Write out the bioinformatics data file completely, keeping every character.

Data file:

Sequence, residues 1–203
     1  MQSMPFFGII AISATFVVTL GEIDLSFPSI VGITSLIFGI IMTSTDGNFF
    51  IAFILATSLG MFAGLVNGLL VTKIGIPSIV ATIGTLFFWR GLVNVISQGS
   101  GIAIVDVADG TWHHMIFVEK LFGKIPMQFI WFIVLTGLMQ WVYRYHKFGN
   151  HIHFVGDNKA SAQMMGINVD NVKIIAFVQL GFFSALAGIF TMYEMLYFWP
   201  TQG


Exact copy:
Sequence, residues 1–203
     1  MQSMPFFGII AISATFVVTL GEIDLSFPSI VGITSLIFGI IMTSTDGNFF
    51  IAFILATSLG MFAGLVNGLL VTKIGIPSIV ATIGTLFFWR GLVNVISQGS
   101  GIAIVDVADG TWHHMIFVEK LFGKIPMQFI WFIVLTGLMQ WVYRYHKFGN
   151  HIHFVGDNKA SAQMMGINVD NVKIIAFVQL GFFSALAGIF TMYEMLYFWP
   201  TQG